From your reference....
  • fluk3dfluk3d Posts: 141Member
    xXErebuS wrote: »
    I see the diagram now! I have to disagree on one small thing.... The reason you get 32kb/s is everything to do with the max speed of the EAST (in a correct topology). If East was 32kb/s it would in return make the HQ link total bandwith 64kb/s instead of 128kb/s....

    The problem is that you can specify incorrect bandwith on that HQ router and end up using all the traffic for EIGRP and even dropping traffic. For example; your example of 4 neighbors is incorrect.

    If you had 4 64kb/s neighbors your main HQ link would need to be 256K bandwith; then you divide by N = 64kb/s x .5 = 32kb/s still.

    So what if you don't increase the 128k? Well you have 64k connections sending up to 32kb/s x 4 = 128kb/s... the entire HQ link is being used for EIGRP (Potentially)...



    From your reference....

    I believe that's what I came up with before if you check out my previous post regardless what the HQ bandwidth is to the SP won't matter because the EAST router's uplink is only capped @ 64Kb if it was a different WAN topology the game changes now..
    "Imagination is more important than knowledge." - Albert Einstein
  • instant000instant000 Posts: 1,745Member
    I set up a frame lab, similar to, but not exactly like the one given (my interface names are different, but the basic point is the same).
    
    Hardware:  3725
    modules:  2 x wic-2T per router
    
    Connections:
    R3 S0/0 - R1 S0/1
    R3 S0/1 - R2 S0/1
    R3 S0/2 - R4 S0/0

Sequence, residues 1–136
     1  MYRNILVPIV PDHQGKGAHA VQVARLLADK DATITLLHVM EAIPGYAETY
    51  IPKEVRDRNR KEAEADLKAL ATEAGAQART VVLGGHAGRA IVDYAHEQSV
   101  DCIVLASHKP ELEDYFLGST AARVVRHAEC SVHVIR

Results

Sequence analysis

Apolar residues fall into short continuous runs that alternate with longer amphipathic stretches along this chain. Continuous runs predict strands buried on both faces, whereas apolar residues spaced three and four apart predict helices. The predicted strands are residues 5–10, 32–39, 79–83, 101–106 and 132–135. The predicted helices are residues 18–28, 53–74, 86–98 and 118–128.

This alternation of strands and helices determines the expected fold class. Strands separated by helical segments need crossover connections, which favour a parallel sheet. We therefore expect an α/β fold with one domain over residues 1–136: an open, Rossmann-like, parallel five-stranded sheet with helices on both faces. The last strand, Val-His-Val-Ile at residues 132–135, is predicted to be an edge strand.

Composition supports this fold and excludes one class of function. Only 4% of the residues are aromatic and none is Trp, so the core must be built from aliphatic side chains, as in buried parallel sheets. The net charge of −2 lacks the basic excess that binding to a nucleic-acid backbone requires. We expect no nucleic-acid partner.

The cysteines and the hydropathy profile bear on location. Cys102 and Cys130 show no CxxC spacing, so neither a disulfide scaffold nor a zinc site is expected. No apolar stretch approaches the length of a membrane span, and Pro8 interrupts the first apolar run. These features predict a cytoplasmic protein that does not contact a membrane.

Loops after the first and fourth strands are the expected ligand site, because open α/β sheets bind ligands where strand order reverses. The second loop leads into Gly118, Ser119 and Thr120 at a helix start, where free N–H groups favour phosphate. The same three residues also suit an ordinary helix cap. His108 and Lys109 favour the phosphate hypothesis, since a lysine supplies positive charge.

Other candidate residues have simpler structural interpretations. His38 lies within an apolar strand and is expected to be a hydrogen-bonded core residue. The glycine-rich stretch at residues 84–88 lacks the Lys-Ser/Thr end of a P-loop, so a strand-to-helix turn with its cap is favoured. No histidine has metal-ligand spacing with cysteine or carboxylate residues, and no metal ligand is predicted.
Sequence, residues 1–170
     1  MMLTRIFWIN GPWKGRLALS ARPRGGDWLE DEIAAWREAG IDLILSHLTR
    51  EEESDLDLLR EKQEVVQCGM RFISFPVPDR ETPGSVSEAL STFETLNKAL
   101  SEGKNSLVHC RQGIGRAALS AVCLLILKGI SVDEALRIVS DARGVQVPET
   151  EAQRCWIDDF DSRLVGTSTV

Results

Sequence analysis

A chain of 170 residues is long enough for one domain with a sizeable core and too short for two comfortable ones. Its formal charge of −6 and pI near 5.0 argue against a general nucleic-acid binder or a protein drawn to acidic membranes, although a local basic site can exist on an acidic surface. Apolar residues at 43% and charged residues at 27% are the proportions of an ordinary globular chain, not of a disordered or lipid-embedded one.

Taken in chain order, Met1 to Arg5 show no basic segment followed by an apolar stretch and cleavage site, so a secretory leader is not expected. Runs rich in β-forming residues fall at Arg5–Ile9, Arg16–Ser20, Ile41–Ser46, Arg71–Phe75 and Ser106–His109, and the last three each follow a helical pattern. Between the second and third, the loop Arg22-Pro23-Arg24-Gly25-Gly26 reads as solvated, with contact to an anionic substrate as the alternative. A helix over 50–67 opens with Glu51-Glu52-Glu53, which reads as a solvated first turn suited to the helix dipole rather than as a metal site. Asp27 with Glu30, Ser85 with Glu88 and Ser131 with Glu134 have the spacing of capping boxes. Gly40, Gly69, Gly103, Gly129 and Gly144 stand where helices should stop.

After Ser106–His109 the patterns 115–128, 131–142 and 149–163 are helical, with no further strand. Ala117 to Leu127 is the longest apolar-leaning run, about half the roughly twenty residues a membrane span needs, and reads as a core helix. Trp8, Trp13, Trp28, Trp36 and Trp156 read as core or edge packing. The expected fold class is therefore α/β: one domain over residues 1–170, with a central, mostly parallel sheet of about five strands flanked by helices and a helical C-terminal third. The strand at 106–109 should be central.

R1:
    config t
    hostname HQ 
    ! 
    interface Loopback1 
     ip address 10.1.1.1 255.255.224.0 
    interface Loopback33 
     ip address 10.1.33.1 255.255.224.0 
    interface Loopback65 
     ip address 10.1.65.1 255.255.224.0 
    interface Loopback97 
     ip address 10.1.97.1 255.255.224.0 
    interface Loopback129 
     ip address 10.1.129.1 255.255.224.0 
    interface Loopback161 
     ip address 10.1.161.1 255.255.224.0 
    !
    interface serial 0/1 
    bandwidth 128
    ip address 172.16.124.1 255.255.255.248 
    encapsulation frame-relay ietf 
    no frame-relay inverse-arp 
    frame-relay map ip 172.16.124.2 102 broadcast 
    frame-relay map ip 172.16.124.3 103 broadcast 
    frame-relay map ip 172.16.124.1 201
    no shutdown 
    !
    router eigrp 1
    network 0.0.0.0
    no auto
    end
    
    
    
    
    
    
    
    R2:
    config t
    hostname EAST 
    ! 
    interface Loopback1 
     ip address 10.2.1.1 255.255.224.0 
    interface Loopback33 
     ip address 10.2.33.1 255.255.224.0 
    interface Loopback65 
     ip address 10.2.65.1 255.255.224.0 
    interface Loopback97 
     ip address 10.2.97.1 255.255.224.0 
    interface Loopback129 
     ip address 10.2.129.1 255.255.224.0 
    interface Loopback161 
     ip address 10.2.161.1 255.255.224.0 
    ! 
    interface serial 0/1 
    bandwidth 64
    ip address 172.16.124.2 255.255.255.248 
    clock rate 64000 
    encapsulation frame-relay ietf 
    no frame-relay inverse-arp 
    frame-relay map ip 172.16.124.1 201 broadcast 
    frame-relay map ip 172.16.124.3 201
    frame-relay map ip 172.16.124.2 201 
    no shutdown 
    !
    router eigrp 1
    network 0.0.0.0
    no auto
    end
    
    
    
    end
    
    
    
    
    
    
    R4:
    config t
    hostname WEST 
    ! 
    interface Loopback1 
     ip address 10.3.1.1 255.255.224.0 
    interface Loopback33 
     ip address 10.3.33.1 255.255.224.0 
    interface Loopback65 
     ip address 10.3.65.1 255.255.224.0 
    interface Loopback97 
     ip address 10.3.97.1 255.255.224.0 
    interface Loopback129 
     ip address 10.3.129.1 255.255.224.0 
    interface Loopback161 
     ip address 10.3.161.1 255.255.224.0 
    ! 
    interface serial 0/0
    bandwidth 64
    ip address 172.16.124.3 255.255.255.248 
    encapsulation frame-relay ietf 
    no frame-relay inverse-arp 
    frame-relay map ip 172.16.124.1 301 broadcast 
    frame-relay map ip 172.16.124.2 301 
    no shutdown 
    !
    router eigrp 1
    network 0.0.0.0
    no auto
    end
    
    
    
    
    R3:
    
    hostname FRS 
    ! 
    frame-relay switching 
    ! 
    interface Serial0/0
     description FR to HQ S0/1
     no ip address 
     encapsulation frame-relay ietf